The purpose of this study was to test the hypothesis that extrinsic mechanical factors, i.e., the dynamic shortening and lengthening imposed on a muscle during limb movements and the rhythmic compressions as surrounding muscles contract and relax, contribute to the initial muscle hyperemia during locomotion in conscious male Sprague-Dawley rats. Soleus and lateral head of gastrocnemius muscles were surgically denervated in one hindlimb several hours before exercise to remove 1) local metabolic vasodilator effects, 2) vasoconstrictor or vasodilatory influences mediated through sympathetic postganglionic fibers, and 3) intrinsic mechanical pumping. Blood flow was measured with radioactive microspheres during preexercise and at 30 s and 5 min of exercise in rats walking at 15 m/min or a motor-driven treadmill. Glycogen concentrations were also measured as an indicator of muscular activity to verify the denervation. Blood flows to control muscles in the normal limb were similar to previously reported values during preexercise and exercise. Denervation, however, decreased preexercise blood flow (69–88%) to muscle composed predominantly of oxidative fibers and increased flow (53%) to muscle composed predominantly of glycolytic fibers. During exercise, blood flow to denervated muscles either remained unchanged or decreased. These data suggest that extrinsic mechanical factors do not significantly contribute to the initial hyperemic response at the onset of low-intensity exercise in normal muscle.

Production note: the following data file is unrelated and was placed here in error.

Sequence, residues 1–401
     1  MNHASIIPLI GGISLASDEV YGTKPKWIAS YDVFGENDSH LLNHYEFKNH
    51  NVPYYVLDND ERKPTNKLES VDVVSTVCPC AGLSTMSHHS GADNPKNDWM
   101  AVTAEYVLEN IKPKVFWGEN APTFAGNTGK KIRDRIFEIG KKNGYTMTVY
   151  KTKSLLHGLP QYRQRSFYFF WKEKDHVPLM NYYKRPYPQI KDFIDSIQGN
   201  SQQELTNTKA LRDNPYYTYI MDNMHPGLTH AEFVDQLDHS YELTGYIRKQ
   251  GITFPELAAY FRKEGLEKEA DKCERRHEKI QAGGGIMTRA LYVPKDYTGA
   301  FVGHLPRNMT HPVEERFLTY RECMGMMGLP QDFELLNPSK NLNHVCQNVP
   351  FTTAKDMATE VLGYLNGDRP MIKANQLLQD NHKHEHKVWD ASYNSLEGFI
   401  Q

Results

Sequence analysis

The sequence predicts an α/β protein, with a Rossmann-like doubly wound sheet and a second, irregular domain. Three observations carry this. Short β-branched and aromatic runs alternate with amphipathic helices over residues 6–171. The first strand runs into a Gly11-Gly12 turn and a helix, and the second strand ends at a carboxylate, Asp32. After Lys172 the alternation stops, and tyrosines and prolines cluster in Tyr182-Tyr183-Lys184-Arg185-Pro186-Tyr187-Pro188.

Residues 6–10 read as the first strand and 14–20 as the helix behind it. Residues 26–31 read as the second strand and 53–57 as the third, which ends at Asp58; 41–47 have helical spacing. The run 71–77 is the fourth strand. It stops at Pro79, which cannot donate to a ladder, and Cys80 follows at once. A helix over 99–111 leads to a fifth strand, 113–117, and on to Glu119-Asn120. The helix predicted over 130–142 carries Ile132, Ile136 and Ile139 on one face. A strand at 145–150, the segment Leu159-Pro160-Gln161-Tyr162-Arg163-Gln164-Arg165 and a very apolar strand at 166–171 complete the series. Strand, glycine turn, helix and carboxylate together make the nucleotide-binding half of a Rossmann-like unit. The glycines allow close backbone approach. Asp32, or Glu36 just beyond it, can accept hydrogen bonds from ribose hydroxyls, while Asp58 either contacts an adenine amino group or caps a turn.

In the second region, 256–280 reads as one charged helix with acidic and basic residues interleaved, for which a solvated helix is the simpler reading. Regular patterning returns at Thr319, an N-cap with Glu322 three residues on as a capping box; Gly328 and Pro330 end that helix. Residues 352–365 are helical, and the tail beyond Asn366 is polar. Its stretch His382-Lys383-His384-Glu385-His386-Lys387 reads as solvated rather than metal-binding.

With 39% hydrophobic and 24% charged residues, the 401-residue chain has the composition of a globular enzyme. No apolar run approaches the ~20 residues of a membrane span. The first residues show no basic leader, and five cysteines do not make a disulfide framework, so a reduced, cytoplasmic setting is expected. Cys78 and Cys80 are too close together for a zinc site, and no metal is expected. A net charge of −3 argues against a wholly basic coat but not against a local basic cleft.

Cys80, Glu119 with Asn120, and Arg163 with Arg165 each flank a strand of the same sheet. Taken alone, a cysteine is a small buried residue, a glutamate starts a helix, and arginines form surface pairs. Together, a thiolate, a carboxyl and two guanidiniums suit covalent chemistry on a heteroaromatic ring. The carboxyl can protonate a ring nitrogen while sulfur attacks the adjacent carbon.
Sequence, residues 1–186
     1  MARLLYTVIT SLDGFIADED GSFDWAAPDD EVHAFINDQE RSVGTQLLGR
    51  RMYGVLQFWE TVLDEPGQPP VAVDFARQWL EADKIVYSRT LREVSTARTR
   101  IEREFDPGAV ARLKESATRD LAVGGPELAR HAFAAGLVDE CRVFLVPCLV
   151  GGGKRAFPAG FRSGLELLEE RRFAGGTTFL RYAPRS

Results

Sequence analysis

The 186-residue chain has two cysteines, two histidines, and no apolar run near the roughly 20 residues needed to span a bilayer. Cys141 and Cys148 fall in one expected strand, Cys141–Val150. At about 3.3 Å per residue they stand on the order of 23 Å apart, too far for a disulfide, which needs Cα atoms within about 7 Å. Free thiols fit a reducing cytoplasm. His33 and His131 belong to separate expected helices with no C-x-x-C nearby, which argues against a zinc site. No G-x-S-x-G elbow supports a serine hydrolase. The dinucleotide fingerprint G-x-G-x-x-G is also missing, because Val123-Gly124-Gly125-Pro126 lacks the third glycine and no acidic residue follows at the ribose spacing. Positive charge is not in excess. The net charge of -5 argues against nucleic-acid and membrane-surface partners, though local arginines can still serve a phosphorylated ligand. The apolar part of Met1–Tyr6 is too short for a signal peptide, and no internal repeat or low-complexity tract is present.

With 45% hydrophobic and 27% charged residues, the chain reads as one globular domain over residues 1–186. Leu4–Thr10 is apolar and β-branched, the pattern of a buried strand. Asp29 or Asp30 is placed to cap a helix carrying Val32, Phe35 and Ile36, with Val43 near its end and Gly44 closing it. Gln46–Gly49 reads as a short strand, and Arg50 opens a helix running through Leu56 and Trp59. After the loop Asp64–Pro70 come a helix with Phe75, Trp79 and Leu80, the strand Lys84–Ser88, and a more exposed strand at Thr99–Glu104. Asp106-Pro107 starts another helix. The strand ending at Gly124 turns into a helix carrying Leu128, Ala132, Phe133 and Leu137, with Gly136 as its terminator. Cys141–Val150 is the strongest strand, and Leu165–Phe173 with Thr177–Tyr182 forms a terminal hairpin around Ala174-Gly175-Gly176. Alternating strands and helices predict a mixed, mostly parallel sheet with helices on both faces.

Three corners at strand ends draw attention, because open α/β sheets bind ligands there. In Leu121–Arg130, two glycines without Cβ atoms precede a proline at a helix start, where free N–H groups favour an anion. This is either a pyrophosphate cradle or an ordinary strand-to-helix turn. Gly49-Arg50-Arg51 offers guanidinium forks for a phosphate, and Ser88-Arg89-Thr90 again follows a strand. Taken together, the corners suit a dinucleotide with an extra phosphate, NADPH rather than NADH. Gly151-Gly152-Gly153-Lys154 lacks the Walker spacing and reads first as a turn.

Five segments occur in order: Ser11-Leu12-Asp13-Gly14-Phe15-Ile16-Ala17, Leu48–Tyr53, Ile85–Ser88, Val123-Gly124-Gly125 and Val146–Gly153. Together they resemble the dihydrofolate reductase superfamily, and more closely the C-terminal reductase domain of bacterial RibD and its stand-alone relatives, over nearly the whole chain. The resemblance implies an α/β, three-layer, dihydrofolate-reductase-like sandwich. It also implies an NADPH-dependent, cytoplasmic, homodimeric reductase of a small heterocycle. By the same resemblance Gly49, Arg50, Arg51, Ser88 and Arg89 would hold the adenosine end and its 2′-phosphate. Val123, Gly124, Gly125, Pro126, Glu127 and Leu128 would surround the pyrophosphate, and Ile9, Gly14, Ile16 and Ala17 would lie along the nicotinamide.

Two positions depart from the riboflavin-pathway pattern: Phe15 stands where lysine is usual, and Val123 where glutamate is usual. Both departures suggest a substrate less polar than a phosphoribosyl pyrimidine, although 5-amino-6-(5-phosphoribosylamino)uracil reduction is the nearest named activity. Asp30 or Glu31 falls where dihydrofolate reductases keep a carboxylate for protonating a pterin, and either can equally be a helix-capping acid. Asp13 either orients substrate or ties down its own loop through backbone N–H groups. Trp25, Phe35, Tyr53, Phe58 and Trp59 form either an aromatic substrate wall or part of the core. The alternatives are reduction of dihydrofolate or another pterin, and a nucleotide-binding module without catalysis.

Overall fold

- Copyright © 1988 the American Physiological Society